and third quartiles.)
12. Subtract the value of 1.5(IQR) from the value of the first quartile boundary. Find the
smallest data point in your list that is equal to or larger than this value. Make a tick mark
representing this data point to the left of your box (or above, if you used a vertical scale).
Draw a line, the first whisker, from the side of the box to the tick mark.
13. Add the value of 1.5 (IQR) to the value of the third quartile boundary. Find the largest data
point in your list that is equal to or smaller than this value. Make a tick mark representing
this data point to the right of your box (or below, if you used a vertical scale). Draw
another whisker to this tick mark.
14. It is possible that some data points in your list will lie outside of the ends of the whiskers
you determined in steps 12 and 13. These points are called outliers. Plot any outliers as
dots beyond the whiskers.
[Note: steps 3 through 14 happen automatically if you use Excel, Minitab, or JMP to create
your box-and-whisker diagram. If you are familiar with these software packages, their use
can greatly simplify the process of making effective box-and-whisker diagrams.]
15. Title and label your box-and-whisker diagram.
The shape that your box-
takes tells a lot about your
One way to help you
interpret box plots is to
imagine that the way a
data set looks as a
histogram is something
like a mountain viewed
from ground level and a
is something like a contour
map of that mountain as
viewed from above.
In a Skewed histogram and box plot compared
The second-quartile box is
considerably larger than
the third-quartile box, and
the whisker associated with
the first quartile extends
almost to the end of the 1.5
IQR limit. An outlier beyond
the 1.5 IQR limit of the
and box plot
whisker further emphasizes
compared the fact that the data is
strongly skewed in this
direction. On the other side
of the distribution, the
whisker associated with the
fourth quartile is well within
the 1.5 IQR. In fact, the
fourth-quartile whisker is
shorter than the third-
A histogram of this data would show a strongly skewed distribution verging on a precipice
that fell off at the high end of the values. This kind of data set often occurs when there is a
natural limit at one end of the distribution or a 100% screening is done for one specification
Although box-and-whisker diagrams can be oriented horizontally, they are more often
displayed vertically, with lower values at the bottom of the scale.
The next example is what a normal distribution might look like as a box plot.
The second- and third-
quartile boxes are
approximately the same
size. The whiskers are
similar to each other in
length and extend close to
the 1.5 IQR limit.
and box plot If the data set were actually
a combination of two
different distributions, for
example, material from two
suppliers or two machines,
it might form a histogram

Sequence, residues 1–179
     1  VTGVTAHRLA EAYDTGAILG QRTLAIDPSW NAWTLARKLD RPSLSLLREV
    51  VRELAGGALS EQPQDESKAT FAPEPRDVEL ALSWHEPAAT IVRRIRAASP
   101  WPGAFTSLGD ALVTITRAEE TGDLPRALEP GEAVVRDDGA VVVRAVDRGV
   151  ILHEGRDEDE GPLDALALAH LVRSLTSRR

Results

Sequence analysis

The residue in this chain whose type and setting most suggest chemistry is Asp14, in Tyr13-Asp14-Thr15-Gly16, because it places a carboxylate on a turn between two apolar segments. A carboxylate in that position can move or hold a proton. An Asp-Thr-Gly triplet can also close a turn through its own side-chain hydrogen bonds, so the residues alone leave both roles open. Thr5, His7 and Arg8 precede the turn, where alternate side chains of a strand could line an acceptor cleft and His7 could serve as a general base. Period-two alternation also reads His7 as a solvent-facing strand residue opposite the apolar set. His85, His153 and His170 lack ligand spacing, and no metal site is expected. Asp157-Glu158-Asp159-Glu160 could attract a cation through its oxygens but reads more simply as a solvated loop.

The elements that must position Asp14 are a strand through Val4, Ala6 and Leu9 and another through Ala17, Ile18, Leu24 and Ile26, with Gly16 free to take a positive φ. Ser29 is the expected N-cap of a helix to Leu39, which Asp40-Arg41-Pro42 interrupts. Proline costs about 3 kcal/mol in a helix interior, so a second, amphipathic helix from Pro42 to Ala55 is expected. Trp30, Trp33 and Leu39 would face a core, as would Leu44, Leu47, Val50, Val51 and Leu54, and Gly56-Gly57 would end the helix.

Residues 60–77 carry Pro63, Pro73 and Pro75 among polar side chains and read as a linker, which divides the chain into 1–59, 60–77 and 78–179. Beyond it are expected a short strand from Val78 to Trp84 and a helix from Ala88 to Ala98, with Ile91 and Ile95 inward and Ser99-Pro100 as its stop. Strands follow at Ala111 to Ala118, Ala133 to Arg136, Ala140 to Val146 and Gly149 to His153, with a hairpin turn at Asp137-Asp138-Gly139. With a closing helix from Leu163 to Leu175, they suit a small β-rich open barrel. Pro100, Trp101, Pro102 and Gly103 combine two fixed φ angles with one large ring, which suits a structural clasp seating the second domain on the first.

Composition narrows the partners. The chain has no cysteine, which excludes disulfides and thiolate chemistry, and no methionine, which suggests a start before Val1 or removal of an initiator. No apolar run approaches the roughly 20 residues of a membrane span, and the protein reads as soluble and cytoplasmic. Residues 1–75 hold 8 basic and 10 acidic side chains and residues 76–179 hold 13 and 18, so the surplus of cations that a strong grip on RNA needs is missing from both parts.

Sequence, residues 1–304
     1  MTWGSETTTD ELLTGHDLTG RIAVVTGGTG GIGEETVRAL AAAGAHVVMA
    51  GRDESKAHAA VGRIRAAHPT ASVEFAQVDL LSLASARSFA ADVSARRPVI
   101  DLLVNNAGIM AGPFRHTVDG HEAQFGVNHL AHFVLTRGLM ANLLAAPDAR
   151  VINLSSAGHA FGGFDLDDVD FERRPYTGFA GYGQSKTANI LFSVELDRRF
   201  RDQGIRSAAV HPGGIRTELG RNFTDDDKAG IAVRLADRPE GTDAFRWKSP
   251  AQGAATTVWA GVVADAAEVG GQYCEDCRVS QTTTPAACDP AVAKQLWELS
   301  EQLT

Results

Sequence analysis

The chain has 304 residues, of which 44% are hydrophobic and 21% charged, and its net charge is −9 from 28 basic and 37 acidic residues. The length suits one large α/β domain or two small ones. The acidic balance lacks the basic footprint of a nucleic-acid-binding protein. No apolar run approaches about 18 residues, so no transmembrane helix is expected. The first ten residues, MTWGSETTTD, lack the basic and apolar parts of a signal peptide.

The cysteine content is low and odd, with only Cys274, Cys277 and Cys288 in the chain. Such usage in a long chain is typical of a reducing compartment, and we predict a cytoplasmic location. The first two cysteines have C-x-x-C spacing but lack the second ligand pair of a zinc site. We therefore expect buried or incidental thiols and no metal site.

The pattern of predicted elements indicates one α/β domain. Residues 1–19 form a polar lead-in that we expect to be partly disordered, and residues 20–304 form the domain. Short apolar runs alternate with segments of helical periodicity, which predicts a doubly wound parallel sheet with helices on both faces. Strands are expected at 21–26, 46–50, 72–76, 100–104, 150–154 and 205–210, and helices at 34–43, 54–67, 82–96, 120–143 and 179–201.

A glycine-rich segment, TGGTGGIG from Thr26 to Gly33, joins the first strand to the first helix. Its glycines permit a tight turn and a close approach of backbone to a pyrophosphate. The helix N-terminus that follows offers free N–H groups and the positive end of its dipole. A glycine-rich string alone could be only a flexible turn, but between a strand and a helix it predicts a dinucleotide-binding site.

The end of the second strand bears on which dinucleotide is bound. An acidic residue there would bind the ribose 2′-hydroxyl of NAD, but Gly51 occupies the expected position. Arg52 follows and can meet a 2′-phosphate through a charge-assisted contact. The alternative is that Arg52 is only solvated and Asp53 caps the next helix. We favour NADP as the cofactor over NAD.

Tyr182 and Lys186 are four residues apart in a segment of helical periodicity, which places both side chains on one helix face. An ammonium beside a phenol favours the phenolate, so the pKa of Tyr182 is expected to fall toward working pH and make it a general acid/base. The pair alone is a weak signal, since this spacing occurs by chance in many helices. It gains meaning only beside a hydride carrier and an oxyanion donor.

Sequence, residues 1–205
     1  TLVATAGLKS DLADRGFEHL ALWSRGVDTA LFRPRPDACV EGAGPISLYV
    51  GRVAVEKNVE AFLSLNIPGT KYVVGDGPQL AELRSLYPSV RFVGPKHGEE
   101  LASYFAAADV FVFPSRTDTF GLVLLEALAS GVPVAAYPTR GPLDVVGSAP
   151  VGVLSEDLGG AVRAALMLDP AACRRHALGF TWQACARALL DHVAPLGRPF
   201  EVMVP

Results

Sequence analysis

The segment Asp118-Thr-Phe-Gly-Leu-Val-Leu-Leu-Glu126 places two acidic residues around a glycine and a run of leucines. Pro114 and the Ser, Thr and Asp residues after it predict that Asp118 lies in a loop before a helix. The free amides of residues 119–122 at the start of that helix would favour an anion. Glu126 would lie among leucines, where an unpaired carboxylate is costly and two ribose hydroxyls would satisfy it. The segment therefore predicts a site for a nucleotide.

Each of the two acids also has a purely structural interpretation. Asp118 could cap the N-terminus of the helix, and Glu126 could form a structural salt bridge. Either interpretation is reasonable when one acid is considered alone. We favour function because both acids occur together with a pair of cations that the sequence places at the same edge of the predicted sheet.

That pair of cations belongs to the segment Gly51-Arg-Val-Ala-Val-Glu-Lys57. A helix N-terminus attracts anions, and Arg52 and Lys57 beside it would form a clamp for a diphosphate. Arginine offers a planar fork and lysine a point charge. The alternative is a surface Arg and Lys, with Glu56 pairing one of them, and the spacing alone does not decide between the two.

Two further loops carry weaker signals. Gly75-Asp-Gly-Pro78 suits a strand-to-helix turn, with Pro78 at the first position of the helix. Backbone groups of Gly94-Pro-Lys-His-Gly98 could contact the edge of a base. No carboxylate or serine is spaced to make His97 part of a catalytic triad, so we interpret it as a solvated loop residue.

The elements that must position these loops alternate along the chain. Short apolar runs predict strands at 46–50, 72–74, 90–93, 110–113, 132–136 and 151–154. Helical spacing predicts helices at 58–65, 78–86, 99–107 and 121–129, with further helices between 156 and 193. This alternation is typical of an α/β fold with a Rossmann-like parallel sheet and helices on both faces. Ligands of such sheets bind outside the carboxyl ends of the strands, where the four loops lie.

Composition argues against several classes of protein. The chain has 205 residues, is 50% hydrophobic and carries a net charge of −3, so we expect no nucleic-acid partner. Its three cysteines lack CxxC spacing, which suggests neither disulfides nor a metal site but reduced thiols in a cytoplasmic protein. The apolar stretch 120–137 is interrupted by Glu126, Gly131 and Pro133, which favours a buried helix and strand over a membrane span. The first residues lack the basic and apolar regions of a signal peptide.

that looked like a plateau
or a mountain with twin
The box plot would show
an even distribution, but
would have relatively large
boxes and relatively short
If there were a small
amount of data from a
Plateau histogram different distribution
and box plot included in the data set, for
compared example, if there were a
abnormality or a data
collection error, the
histogram formed would
look like a mountain with a
small isolated peak.
The box plot for that data
set would look like one for
a normal distribution but
with a number of outliers
beyond one whisker.
Some final tips
diagram is an easy
way to compare
processes or to chart
process in one
diagrams can quickly
give you a comparative
feel of the distribution
of sets of data. They
show the distributional
spread through the
length of the box and
Some idea of the symmetry of the
distribution can also be gained by
comparing the two segments of the box
and the relative lengths of the whiskers.
The existence and displacement of
outliers gives some indication of the
level of control in the process.
Two or more box-and-whisker diagrams
drawn side by side to the same scale
are an effective way to compare
samples in a way that is compact and
uncluttered. Many box plots can be
added to a diagram without creating
Not only can box-and-whisker diagrams
help you see which processes need
improvement, by comparing initial box-
and-whisker diagrams with subsequent
ones, they can also help you track that
improvement. If specification limits or
improvement targets are involved in
your process, they can be added to the
diagram to help visualize progress.
Steven Bonacorsi is a Certified Lean Six Sigma Senior Master Black Belt instructor
and coach. Steven Bonacorsi has trained hundreds of Master Black Belts, Black Belts,
Green Belts, and Project Sponsors and Executive Leaders in Lean Six Sigma
DMAIC and Design for Lean Six Sigma process improvement methodologies. He
has led some of the largest deployments in the world and has saved hundreds of
millions with his project teams results.
The AIT Group, Inc.
Steven Bonacorsi, Vice President,
MBA, MS-CIS, PMP
Lean Six Sigma Master Black Belt
3135 South Price Road, Suite 115
Chandler, AZ 85248-3549
Phone: +(1) 888.826.2484